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How can I make this annoying mouth cut in corner of mouth heal faster?

Berdo tm1

Bluelighter
Joined
Feb 10, 2014
Messages
245
This shit is a real bitch. It happend AGAIN form eating salt and venegar pringles. It's like a paper cut right on the crease of the lips where they join bottom and top. Due the the proximity it means it keeps on splitting the scab when I open my mouth too much and thus reopening the wound prevenitng it from healing.

I really hate myself because this happens every time I eat pringles and I hardly ever eat them but it had been over a year and I thought maybe it was coincidence it hapend before. I felt like shit after eating them and loe and behold had this fucking crap on my mouth over a week now.

I tried vitamin b complex supplementing and also adding iron but neitehr are increasing the heal speed.

What else can I do?

Also is it true a cut heals faster if it doesnt scar over? I was reading several sources saying that. I also read that when a cit is dry it means that bacteria can multiply faster as they have more food. This is bullshit tho right? because isnt it the otehr way round? Its general knowledge that when somethign is wet it causes mould etc to grow, and for isntance you dry food and drugs etc to make them keep and not grow stuff on them. So that sounds like bullshit.

Anyhow what else can I do to aid the healing? I would otherwise forget about a cut and let it heal in its own time but due to it being constantly irritated its a real nuisance. Kind of like a hemmoroid in that sense when the trouble area is constantly being aggravated to stymy the healing process.
 

flyhighk

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Joined
Apr 26, 2013
Messages
3,105
Location
Lebanon
I get small cuts in the same area, mostly in the winter when the weather is dry. The drier your skin is (salt dries it), the more likely it is to break.

Just be patient and apply a hydrating cream.
 

Berdo tm1

Bluelighter
Joined
Feb 10, 2014
Messages
245
but if its already broken is it better to be dry or wet to heal it?

From what i was reading it should be wet to actually prevent scabbing since scabbing slows healing by 50%.
 
Advising a solution or cure for the OP's condition is complicated by the lack of specificity in the provided description.

A cut, sore, ulcer, rhagades, fissure, etc., on or near the labial commissure of the mouth (i.e., the corner of the mouth or the angle formed at the juncture of the upper and lower lip) is a nonspecific symptom. Thus it is not possible to make a diagnosis on the basis of just this issue.

Because the symptom has no single possible etiology nor is specific to just one disorder, a precise solution or remedy cannot be derived with any degree of certainty.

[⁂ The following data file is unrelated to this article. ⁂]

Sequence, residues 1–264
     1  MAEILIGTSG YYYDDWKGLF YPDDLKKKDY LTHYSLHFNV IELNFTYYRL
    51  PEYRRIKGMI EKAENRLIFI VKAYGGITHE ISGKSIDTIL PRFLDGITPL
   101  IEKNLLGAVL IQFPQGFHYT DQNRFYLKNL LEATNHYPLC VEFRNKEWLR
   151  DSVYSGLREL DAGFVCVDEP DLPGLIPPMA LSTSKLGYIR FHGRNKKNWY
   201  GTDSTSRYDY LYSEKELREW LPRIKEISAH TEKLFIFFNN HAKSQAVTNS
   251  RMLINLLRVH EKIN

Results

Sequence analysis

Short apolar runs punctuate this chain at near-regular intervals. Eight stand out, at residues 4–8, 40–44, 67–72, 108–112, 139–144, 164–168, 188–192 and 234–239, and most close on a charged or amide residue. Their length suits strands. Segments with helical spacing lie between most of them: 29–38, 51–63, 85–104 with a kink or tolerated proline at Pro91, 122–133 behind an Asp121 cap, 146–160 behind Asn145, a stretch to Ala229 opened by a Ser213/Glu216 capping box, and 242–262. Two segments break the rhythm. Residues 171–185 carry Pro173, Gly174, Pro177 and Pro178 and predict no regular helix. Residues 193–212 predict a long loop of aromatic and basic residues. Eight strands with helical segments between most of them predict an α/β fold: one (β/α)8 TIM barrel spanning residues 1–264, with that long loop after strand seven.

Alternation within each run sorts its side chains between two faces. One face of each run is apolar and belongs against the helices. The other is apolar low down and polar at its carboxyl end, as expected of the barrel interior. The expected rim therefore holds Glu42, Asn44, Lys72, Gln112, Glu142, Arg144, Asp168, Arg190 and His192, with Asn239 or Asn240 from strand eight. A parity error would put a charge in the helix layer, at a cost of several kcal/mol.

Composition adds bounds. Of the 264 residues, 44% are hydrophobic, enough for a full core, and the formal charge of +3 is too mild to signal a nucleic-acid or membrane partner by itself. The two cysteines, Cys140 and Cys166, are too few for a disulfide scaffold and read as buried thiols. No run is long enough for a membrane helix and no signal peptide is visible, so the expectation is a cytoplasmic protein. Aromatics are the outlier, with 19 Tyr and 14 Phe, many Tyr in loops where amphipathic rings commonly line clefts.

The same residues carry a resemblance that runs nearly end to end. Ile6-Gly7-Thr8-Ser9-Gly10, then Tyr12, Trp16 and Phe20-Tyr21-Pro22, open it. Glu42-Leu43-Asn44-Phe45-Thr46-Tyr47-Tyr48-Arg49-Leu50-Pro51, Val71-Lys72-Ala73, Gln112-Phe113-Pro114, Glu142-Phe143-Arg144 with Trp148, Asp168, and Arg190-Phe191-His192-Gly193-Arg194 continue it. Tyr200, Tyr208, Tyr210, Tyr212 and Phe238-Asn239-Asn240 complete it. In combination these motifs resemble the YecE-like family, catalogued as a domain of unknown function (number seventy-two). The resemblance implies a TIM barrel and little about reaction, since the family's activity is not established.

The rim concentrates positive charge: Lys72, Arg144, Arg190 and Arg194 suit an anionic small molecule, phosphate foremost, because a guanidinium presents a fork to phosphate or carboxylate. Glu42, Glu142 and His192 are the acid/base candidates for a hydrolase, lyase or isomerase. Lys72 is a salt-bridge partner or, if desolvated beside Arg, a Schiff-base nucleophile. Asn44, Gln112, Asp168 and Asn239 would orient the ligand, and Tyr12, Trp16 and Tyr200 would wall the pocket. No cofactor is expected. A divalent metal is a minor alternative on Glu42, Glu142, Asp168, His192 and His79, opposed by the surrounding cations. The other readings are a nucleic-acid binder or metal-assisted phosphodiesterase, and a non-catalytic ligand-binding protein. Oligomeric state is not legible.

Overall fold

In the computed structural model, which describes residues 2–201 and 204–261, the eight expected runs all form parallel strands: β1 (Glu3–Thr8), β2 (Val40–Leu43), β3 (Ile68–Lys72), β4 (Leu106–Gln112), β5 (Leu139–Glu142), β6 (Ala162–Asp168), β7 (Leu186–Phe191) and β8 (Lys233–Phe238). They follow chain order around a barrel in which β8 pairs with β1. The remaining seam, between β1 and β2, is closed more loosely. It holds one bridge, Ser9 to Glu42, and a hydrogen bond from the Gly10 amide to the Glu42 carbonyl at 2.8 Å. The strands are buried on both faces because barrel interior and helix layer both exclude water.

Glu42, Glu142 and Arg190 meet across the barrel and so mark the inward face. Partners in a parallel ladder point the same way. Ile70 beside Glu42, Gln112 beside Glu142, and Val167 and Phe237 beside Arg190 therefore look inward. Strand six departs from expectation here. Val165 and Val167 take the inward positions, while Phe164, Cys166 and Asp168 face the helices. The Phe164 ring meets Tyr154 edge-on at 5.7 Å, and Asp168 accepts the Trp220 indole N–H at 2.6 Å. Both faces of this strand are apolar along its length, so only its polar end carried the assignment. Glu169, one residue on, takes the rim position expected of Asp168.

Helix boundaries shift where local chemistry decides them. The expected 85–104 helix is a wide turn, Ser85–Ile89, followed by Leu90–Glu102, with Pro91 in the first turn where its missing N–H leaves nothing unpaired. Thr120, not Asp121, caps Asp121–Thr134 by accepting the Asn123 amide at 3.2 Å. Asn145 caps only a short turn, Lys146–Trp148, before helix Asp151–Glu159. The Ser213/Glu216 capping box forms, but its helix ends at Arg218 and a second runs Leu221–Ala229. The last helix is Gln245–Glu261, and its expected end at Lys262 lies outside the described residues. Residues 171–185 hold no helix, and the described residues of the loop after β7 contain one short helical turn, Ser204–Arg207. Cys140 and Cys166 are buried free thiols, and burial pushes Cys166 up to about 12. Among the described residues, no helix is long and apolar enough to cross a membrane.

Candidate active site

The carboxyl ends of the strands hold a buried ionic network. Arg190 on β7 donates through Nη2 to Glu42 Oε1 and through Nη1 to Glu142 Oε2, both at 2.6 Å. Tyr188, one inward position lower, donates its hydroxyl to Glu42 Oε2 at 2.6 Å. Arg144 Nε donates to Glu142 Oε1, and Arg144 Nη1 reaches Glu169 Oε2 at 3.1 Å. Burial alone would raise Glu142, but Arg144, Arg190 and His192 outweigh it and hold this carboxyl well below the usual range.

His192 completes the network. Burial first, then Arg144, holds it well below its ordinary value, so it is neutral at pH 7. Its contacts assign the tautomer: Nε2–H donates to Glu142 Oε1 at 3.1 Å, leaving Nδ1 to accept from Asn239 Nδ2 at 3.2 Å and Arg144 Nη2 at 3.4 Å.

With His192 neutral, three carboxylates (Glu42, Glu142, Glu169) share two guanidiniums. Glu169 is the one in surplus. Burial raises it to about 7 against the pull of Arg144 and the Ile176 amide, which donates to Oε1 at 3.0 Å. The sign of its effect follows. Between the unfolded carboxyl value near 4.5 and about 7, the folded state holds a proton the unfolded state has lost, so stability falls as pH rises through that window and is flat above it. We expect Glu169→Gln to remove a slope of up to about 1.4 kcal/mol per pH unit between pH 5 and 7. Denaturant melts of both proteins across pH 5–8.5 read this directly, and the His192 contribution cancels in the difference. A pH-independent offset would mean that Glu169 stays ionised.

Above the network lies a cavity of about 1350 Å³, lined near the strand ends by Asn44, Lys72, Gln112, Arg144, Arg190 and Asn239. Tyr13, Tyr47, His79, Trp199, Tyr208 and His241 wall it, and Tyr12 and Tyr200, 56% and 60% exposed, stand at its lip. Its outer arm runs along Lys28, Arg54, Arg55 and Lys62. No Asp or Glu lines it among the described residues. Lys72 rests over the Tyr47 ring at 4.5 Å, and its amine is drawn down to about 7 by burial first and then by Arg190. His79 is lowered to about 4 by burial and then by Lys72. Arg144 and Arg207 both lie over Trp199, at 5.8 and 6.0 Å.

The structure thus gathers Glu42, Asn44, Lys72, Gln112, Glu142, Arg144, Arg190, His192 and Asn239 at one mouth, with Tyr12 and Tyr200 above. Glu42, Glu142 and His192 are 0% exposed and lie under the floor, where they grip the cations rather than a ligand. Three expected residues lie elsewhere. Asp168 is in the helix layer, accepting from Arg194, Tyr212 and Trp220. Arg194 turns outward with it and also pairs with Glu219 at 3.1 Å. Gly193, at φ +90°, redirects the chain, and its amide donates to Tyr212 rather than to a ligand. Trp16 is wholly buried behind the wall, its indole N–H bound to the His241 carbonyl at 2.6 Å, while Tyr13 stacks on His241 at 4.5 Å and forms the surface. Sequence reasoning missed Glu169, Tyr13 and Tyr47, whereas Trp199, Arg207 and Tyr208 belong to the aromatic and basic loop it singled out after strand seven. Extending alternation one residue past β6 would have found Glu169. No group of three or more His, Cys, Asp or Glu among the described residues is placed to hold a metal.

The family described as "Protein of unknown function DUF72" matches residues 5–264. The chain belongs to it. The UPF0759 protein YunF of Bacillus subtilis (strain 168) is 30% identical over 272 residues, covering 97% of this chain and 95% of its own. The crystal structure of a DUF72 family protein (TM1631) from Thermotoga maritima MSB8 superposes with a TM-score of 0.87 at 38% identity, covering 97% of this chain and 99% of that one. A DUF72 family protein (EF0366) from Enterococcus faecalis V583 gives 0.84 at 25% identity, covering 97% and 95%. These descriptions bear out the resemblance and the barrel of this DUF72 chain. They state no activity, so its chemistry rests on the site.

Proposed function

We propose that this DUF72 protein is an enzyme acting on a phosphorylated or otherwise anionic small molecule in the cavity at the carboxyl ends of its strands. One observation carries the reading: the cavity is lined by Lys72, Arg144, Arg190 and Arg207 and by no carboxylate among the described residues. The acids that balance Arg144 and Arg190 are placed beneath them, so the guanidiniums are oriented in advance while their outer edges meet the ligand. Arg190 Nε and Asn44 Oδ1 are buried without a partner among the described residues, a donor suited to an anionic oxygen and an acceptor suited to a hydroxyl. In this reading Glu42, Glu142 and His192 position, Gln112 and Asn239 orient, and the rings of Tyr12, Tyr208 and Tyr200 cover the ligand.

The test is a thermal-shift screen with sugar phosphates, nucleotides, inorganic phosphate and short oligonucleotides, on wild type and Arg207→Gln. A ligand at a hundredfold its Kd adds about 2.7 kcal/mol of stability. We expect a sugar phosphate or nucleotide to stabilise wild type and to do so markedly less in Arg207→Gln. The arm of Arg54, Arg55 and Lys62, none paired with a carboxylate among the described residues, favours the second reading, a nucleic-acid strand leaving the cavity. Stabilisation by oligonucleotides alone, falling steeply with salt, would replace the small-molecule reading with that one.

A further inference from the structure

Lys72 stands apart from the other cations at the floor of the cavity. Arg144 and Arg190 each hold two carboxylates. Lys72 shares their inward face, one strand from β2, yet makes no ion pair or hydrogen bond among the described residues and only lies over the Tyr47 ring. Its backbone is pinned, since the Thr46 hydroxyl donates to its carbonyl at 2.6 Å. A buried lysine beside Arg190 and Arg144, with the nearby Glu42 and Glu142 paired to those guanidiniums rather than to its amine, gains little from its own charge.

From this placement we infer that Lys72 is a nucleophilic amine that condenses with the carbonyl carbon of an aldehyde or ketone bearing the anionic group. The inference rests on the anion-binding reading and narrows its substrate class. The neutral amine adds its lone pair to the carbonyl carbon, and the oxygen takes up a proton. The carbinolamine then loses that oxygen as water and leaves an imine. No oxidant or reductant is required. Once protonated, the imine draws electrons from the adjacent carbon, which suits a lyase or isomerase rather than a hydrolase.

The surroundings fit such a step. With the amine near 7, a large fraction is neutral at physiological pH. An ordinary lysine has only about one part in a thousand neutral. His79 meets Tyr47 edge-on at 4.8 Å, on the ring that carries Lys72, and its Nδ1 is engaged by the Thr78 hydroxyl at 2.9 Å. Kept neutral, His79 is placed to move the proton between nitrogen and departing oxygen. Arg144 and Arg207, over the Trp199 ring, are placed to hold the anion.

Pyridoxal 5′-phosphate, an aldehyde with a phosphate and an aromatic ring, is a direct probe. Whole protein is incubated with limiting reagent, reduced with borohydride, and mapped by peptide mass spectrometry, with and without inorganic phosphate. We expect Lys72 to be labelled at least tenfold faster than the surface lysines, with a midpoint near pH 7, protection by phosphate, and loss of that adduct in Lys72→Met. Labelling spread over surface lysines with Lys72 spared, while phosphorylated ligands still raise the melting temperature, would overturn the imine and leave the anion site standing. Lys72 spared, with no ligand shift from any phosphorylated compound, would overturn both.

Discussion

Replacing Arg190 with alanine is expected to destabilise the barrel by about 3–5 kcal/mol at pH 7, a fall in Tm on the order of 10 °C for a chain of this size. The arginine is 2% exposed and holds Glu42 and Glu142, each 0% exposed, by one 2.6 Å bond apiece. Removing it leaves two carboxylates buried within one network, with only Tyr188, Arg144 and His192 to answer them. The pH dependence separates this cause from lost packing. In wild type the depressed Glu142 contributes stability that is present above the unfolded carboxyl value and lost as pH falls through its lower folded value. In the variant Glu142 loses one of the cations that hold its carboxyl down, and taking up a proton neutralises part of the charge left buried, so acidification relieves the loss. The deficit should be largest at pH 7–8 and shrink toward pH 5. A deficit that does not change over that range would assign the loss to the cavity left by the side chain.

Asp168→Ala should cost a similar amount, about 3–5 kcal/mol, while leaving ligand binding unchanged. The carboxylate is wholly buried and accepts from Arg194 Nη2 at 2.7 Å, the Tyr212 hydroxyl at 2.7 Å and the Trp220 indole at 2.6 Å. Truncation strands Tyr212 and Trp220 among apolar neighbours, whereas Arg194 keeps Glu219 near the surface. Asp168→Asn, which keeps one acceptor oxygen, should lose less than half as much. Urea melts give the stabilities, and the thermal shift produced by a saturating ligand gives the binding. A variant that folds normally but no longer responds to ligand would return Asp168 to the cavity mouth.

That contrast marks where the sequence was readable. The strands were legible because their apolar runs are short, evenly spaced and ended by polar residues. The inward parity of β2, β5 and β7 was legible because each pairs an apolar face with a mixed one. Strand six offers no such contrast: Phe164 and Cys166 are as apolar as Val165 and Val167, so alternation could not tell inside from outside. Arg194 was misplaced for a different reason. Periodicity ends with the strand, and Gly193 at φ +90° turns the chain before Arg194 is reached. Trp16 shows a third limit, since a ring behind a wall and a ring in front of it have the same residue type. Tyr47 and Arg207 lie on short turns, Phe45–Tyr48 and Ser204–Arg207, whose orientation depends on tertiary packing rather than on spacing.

My reasoned opinion is that you have angular cheilitis (also called perlèche or commissural cheilitis). This is a fairly common condition, and is innocuous in nearly all cases, except when severe, frequent, inordinately painful, interferes with one's quality of life, or is chronic. Your case appears to be the benign and ubiquitous type.

The causes of angular cheilitis are manifold. Fortunately, there are only two two causes of the condition for the overwhelming majority of cases of angular cheilitis, and each of the two are easy to fix.

The first cause is a bacterial or fungal infection, which can be successfully treated with a prescribed antibiotic or antifungal drug. The second cause is xerostomia (dry mouth) or insufficient lubrication of the lips.

The former cause seems implausible in this case and is unlikely to be your issue.

The latter, however, seems highly likely. You mentioned in the OP that the problem only presents after your eating of foods with a high salt or vinegar content. Salt (i.e., sodium) is a desiccant (an agent that causes dryness). This is why drinking sea water can cause dehydration, or why dousing salt on a slug or snail shrivels it up and kills it—it zaps the vitally important moisture from its body's slime which results in its death.

The salt is drying out your lips and this in turn causes the cuts or angular cheilitis.

So, what is the solution? My advice is either a) consume less salt, b) consume more water, c) apply a lubricant to your lips and the cut, or d) all of the above. Option d is obviously the more preferable and presumably efficacious of the bunch.

Doing any of the advice posited above should fix the problem within a few days. If, however, the issue persists or worsens despite following my advice, see a doctor.

And if you have any remaining questions or concerns regarding this or a related issue or about my comment in general, do not hesitate to ask them to me. I'll address them as best as I am able.

—Nom de Plume
 
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What 23

Ex-Bluelighter
Joined
Jan 7, 2013
Messages
3,906
I'm not sure but manuka honey is said to help with wound healing. But on such a location it may be difficult to keep applied.

Nom's post contains probably the best advice. Consume less salt, more water... Use some kind of lubricant. Maybe coconut oil as it has healing properties as well.

I had something like this, but more on the bottom lip than the corner. Still close. I got it from flossing when my lips were dry, and the string kept cutting into it. That and constant stretching. I think it lasted months. But I never used coconut oil. I had some luck with hemp seed oil but considering I flossed daily I kept reinjuring it.
 
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mostridiculousever

Greenlighter
Joined
May 4, 2016
Messages
1
I joined this site to say this:

This is the most pretentious thing I've ever seen on the internet. If you want to be smart, just be smart. People notice. Smart people come off as smart. Douches come off as douches. You're a douche.

Advising a solution or cure for the OP's condition is complicated by the lack of specificity in the provided description.

A cut, sore, ulcer, rhagades, fissure, etc., on or near the labial commissure of the mouth (i.e., the corner of the mouth or the angle formed at the juncture of the upper and lower lip) is a nonspecific symptom. Thus it is not possible to make a diagnosis on the basis of just this issue.

Because the symptom has no single possible etiology nor is specific to just one disorder, a precise solution or remedy cannot be derived with any degree of certainty.

My reasoned opinion is that you have angular cheilitis (also called perlèche or commissural cheilitis). This is a fairly common condition, and is innocuous in nearly all cases, except when severe, frequent, inordinately painful, interferes with one's quality of life, or is chronic. Your case appears to be the benign and ubiquitous type.

The causes of angular cheilitis are manifold. Fortunately, there are only two two causes of the condition for the overwhelming majority of cases of angular cheilitis, and each of the two are easy to fix.

The first cause is a bacterial or fungal infection, which can be successfully treated with a prescribed antibiotic or antifungal drug. The second cause is xerostomia (dry mouth) or insufficient lubrication of the lips.

The former cause seems implausible in this case and is unlikely to be your issue.